Top Ten Wildlife Areas We Love (and Would Hate to Lose)

Grizzly Bear
Grizzly Bear
A grizzly sow nuzzles her cubs (USFWS/Larry Aumiller)

Why We Love It:

This ain't no huggable teddy bear: weighing up to 400 pounds and living over 20 years, with powerful, four-inch-long claws and a jaw that could snap a tree trunk, the grizzly has fascinated wildlife aficionados since Lewis and Clark first found a griz family in Idaho's Bitterroot Mountains. Grizzlies are actually a subspecies of the brown bear, but got their name for silver-gray highlights on their fur, giving them a "grizzled" appearance.

Where It's Happiest:

Grizzlies prefer to live in open areas, such as tundra or temperate forests, so that they can aggressively defend themselves if attacked. While males are solitary, mother grizzlies give birth to one to five cubs each January, and will tend, discipline, and defend their cubs until they mature. Leaving their dens in March or April, grizzlies move to lower elevations where food is more plentiful. The bears are omnivorous, and during summer will eat nearly 50 pounds of fish, small mammals, carrion, roots, leaves, and other plant material per day in preparation for winter.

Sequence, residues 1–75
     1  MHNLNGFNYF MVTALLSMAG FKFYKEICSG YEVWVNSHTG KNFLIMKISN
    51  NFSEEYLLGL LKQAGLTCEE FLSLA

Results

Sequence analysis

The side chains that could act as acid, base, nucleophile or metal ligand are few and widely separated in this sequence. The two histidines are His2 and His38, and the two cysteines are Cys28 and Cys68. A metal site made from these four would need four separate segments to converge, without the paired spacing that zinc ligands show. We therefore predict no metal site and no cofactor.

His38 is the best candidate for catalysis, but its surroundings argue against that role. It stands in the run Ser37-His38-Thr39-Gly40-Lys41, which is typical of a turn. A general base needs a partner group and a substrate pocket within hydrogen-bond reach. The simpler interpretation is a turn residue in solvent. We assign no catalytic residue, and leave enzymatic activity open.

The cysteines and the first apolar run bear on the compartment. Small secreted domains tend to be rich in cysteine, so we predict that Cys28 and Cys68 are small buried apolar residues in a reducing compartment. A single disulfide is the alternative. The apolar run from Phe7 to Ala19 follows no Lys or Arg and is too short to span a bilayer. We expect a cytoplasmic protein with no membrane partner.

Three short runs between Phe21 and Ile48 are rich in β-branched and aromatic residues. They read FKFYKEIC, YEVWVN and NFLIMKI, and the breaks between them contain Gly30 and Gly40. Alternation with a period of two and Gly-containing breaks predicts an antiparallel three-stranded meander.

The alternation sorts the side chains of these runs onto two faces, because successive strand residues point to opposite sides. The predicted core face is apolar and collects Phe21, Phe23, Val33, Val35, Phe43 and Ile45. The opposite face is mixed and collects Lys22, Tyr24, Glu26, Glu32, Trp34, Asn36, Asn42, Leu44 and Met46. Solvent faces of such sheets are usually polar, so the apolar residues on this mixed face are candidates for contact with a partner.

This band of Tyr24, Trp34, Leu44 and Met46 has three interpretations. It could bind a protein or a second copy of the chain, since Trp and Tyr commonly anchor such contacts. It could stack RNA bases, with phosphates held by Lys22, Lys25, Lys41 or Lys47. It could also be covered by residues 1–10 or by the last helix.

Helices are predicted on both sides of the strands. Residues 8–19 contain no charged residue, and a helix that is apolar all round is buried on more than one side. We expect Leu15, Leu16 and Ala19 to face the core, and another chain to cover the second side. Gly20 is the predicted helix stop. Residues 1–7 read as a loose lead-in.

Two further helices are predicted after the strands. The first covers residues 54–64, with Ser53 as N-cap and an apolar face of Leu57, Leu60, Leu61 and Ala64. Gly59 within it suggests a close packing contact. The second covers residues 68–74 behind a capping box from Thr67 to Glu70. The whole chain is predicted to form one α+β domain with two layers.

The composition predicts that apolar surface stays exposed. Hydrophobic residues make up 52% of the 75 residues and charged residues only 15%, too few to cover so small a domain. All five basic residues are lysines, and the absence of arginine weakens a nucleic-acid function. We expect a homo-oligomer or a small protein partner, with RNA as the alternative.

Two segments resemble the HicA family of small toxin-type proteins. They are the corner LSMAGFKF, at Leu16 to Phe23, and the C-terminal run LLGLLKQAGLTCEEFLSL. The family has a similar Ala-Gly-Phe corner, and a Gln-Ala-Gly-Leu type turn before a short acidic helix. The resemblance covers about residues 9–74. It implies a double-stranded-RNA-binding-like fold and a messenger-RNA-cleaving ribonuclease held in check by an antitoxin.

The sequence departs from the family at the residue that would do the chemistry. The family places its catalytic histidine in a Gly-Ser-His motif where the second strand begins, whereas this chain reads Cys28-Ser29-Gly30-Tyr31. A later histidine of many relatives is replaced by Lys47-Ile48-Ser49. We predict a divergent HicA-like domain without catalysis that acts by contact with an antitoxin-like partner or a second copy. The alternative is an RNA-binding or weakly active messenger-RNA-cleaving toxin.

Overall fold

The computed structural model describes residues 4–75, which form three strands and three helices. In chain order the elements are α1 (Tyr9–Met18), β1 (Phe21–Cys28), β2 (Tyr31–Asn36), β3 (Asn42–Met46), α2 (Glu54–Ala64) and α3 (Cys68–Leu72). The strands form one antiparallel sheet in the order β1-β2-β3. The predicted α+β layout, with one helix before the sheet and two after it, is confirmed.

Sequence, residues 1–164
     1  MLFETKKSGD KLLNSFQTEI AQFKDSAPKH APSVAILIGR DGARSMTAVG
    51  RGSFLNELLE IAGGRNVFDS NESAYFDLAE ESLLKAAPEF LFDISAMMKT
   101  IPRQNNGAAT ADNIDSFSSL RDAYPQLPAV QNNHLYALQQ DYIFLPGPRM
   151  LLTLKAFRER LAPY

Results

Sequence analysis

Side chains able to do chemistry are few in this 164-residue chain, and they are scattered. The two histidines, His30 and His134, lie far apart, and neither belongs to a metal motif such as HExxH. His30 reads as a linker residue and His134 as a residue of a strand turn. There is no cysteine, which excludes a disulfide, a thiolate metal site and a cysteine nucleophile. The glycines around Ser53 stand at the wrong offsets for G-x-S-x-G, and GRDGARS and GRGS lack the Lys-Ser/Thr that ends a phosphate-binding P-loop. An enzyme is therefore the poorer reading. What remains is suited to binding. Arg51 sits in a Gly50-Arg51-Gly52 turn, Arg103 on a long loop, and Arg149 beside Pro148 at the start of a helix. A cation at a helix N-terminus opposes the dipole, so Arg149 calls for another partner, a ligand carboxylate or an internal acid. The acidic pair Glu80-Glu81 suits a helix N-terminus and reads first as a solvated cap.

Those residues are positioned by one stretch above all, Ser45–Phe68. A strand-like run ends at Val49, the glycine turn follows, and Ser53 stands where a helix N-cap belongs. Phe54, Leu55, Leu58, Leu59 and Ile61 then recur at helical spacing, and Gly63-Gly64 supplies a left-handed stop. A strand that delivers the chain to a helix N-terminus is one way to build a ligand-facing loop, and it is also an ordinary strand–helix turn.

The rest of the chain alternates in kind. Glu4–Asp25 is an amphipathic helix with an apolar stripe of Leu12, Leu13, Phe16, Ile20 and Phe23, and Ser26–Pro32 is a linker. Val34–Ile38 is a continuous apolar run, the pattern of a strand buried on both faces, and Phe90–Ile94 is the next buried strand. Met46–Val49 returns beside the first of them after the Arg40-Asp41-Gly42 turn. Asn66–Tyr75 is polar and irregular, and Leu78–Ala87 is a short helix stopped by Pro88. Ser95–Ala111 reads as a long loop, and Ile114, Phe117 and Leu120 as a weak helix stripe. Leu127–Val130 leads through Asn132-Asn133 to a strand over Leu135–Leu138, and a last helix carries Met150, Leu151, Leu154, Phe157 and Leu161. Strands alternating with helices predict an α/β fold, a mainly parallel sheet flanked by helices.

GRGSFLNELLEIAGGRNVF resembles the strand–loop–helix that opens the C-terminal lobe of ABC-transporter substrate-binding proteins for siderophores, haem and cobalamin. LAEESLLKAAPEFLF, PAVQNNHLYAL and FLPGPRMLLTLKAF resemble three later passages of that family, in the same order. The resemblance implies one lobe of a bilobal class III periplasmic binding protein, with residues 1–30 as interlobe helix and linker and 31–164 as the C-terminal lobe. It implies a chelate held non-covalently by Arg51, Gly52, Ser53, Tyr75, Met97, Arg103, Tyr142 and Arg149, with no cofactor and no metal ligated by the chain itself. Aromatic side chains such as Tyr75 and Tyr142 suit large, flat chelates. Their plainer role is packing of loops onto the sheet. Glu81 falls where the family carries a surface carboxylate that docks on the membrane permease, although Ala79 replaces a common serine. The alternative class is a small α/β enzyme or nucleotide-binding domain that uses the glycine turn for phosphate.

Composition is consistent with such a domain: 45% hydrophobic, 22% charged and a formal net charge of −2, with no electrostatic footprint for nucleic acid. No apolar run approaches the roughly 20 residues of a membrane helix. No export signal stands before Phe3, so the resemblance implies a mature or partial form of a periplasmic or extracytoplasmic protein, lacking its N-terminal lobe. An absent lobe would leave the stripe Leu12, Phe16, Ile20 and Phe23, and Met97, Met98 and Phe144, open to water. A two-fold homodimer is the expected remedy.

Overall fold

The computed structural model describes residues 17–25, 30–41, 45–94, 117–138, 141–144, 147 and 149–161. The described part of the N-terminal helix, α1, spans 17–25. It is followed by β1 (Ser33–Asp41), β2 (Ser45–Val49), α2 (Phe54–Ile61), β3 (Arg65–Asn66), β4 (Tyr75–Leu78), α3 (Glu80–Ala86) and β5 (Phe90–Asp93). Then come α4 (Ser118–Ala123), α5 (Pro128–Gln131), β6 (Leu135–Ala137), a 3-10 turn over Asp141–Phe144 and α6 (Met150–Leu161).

The Cold, Hard Numbers:

Officially considered "threatened," about 1,200 bears exist across the mountainous regions of Wyoming, Montana, Idaho, and Washington. Some 31,700 live in Alaska. Still, populations are growing steadily. "Grizzlies hit a low point in the '30s and '40s," says Chris Servheen, grizzly recovery coordinator with the U.S. Fish and Wildlife Service (USFWS). "Populations then were only a fraction of what they are now.

Who's to Blame:

Hunting and trapping decimated bear numbers. Though outlawed in 1975 when grizzlies were listed as threatened, some poaching of the animals continues. Bear organs reportedly fetch high prices in Asia, where they are used in traditional medicine. Human encroachment into wild areas has also affected grizzlies, whose territory can cover 1,000 square miles.

When It's Gone:

Grizzly bears are an emblem of our natural heritage. This high-profile hunter figures prominently in the early writings of America's great naturalists such as John Muir, Bob Marshall, and Lewis and Clark. If grizzlies were destroyed, America would lose one of its most visible wilderness symbols.

Signs of Life:

Populations in Yellowstone and western Montana remain strong, while the USFWS has a plan to reintroduce the bear to Idaho's Selway-Bitterroot Mountains. Unfortunately, though, the Bush administration shelved that plan three years ago.

Published: 18 Mar 2004 | Last Updated: 15 Sep 2010
Details mentioned in this article were accurate at the time of publication


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